Expert Answer Forum
Church teaching about not eating meat on Friday QUESTION from Joan Davis April 12, 1999 After VaticanII when the Church changed its' teaching about not eating meat on Friday this was very confusing to many people. My understanding is that this was an area of Church disciplin and not doctrine but my question is this: How can something like not eating meat on Friday be such a serious offense as to have the punishment of eternal damnation attached to it if broken, one day and the next day it's perfectly OK. Why does the magesterium of the Church set up all kinds of rules such as the above mentioned, instead of appealing to people's hearts to show our love for Jesus and our Heavenly Father above all things by living out the truth of Scripture by the choices we make every day to put truth first, even when, as it so often is, the hard thing to do? Did not our Lord tell us to give Him mercy and not sacrifice? If a person loves Jesus with their whole heart, mind and soul and they prove this by giving up all things in their lives that they feel will hinder their relationship with Him, then what is the point in giving up candy or some other minor thing for Lent. It seems to me that rules like this do more harm than good by causing people to think that they are really doing something by giving up some minor pleasure when in fact living as a true Christian involves crucifying the flesh every day of our lives. As a Catholic I see evidence of the the harm that this kind of teaching does, every day in the Church. I just don't get it. Please inlighten me.
ANSWER by John-Paul Ignatius on April 15, 1999 Dear Miss Davis:
There is MUCH confusion about this subject. You are correct that this is a matter of Church discipline. It is not doctrine or dogma. Thus the Church can change the discipline whenever she chooses.
Universal law in the Latin Rite is that we are to observe EVERY Friday of the year as a Penitential Day, with abstaining from meat to be a primary consideration. But Canon Law does allow National Conferences of Bishops to modify what we do on the Fridays of the year.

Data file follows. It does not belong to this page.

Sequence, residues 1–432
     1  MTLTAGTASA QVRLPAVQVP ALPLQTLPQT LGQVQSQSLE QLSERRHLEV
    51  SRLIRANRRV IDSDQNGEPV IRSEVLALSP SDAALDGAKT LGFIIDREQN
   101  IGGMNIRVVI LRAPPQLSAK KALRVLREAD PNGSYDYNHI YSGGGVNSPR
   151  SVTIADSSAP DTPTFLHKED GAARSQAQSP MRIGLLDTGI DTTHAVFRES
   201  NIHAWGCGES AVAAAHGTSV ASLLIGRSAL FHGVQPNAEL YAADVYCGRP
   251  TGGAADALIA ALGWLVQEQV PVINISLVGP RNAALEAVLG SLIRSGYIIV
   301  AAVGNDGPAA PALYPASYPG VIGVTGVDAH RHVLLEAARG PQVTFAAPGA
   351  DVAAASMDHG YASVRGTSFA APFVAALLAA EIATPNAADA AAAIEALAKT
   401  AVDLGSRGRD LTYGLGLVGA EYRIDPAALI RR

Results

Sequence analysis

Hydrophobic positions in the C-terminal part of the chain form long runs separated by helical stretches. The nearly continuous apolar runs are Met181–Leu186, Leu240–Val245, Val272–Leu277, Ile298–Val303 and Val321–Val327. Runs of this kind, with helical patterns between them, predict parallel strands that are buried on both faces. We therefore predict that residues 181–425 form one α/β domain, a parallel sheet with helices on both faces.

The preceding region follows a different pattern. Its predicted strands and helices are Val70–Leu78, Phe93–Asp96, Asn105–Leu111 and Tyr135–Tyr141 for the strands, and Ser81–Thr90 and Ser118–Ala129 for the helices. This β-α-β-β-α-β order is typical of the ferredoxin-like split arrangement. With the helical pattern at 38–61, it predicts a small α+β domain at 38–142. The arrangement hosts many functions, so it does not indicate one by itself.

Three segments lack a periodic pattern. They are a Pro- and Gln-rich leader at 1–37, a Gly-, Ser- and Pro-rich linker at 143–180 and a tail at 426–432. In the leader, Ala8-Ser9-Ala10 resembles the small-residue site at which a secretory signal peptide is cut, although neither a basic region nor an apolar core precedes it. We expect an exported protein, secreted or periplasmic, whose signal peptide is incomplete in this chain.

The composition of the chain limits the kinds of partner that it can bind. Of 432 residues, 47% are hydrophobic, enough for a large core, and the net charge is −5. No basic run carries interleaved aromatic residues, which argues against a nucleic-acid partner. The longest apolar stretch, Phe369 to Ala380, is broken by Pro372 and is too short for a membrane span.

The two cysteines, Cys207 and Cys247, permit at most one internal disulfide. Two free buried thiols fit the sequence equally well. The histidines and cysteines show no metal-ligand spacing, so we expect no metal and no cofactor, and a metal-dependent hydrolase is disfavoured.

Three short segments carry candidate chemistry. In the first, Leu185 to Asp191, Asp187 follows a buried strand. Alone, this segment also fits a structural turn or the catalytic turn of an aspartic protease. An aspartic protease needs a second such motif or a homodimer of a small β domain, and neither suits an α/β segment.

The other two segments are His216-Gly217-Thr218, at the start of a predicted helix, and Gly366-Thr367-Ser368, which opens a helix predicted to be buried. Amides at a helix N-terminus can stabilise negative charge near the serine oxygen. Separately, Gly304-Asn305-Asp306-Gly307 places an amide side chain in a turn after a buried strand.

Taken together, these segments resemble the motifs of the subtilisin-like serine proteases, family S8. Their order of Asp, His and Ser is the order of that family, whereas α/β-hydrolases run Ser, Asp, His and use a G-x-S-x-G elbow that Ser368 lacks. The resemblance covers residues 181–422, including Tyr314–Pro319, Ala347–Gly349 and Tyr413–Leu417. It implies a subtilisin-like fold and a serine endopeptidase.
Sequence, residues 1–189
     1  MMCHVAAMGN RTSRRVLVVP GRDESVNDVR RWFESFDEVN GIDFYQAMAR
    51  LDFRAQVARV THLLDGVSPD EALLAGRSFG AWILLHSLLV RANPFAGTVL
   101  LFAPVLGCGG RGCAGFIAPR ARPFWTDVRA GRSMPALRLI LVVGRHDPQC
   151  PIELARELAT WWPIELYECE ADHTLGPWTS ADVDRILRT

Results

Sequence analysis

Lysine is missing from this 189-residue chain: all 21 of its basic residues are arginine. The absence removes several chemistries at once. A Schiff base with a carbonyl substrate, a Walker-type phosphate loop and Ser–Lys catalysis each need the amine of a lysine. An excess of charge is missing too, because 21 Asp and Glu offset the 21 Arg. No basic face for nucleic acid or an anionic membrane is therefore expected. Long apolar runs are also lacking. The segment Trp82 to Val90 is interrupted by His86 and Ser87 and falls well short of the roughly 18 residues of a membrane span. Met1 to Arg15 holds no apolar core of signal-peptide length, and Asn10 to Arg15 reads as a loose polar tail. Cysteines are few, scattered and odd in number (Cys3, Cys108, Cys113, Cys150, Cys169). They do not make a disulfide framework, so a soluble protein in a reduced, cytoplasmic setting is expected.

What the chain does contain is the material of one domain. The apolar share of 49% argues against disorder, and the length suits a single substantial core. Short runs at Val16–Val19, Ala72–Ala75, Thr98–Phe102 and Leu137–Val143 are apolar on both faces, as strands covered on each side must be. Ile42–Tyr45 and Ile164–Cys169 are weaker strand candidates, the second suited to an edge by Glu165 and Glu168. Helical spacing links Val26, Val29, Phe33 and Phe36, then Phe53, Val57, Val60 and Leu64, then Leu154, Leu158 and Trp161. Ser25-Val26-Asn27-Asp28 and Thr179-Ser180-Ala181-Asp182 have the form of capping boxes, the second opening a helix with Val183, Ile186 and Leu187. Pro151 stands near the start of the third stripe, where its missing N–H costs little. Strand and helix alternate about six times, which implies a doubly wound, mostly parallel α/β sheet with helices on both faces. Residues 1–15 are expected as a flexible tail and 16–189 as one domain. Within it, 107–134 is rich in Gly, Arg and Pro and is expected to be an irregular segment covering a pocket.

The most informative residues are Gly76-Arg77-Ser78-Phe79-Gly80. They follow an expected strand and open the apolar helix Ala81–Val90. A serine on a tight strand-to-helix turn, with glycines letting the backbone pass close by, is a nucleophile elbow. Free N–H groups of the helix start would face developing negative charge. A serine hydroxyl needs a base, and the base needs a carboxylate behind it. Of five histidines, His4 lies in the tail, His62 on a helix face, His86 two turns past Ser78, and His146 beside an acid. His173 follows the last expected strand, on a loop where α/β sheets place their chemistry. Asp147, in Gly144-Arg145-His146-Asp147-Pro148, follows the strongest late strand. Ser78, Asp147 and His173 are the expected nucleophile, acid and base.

In the United States, we are to abstain from meat on Fridays in Lent and on Ash Wednesday and Good Friday. On the other Fridays of the year we MUST either abstain from meat or do some other act of penance – such as giving alms, offering prayers, doing works of charity. But we MUST do something on EVERY Friday of the year.
As for the issue of mortal sin, failing to abstain from meat on Friday, in-and-of-itself, is not now nor has it ever been a mortal sin. I realize that many nuns and priests use to scare the dickens out of children by telling them they would go to hell if they ate meat on Friday. But they were wrong. I think the reason they did that was to ensure the kids would indeed follow the rule (by a scare technique).
However, deliberate refusal to abstain from meat or to do any other act of discipline directed by the Church is, in most cases, an act of rebellion. Rebellion is a much more serious sin, and in some cases, might lead to mortal sin.
But the primary sin of failure to abstain is rebellion.
As for trivial mortifications during lent, the purpose of the practice is to make a point to bring the mind of the penitent to reflection of their lives. This can be done in small ways or in big ways. For some people abstaining from a candy bar may be sufficient. It is an act of self-discipline. Some people may indeed take this in a causal and trivial way. But we cannot know what is sufficient for another person – we cannot be the judges.
The question is: What is sufficient for us? What do we need to do to offer ourselves to God in mortification? What do we need to do to reflect upon our sinfulness and Christ’s love for us to die for our sins? Whatever that is, that you must do.
We also must remember that the Church is not a Church of Minimum Standards. Mortification during Lent is a mere minimum standard. We should be mortifying ourselves year-round.
By the way, I have an artcile on the related topic of fasting that you might be interested in. It is called How to Think Properly About Fasting.
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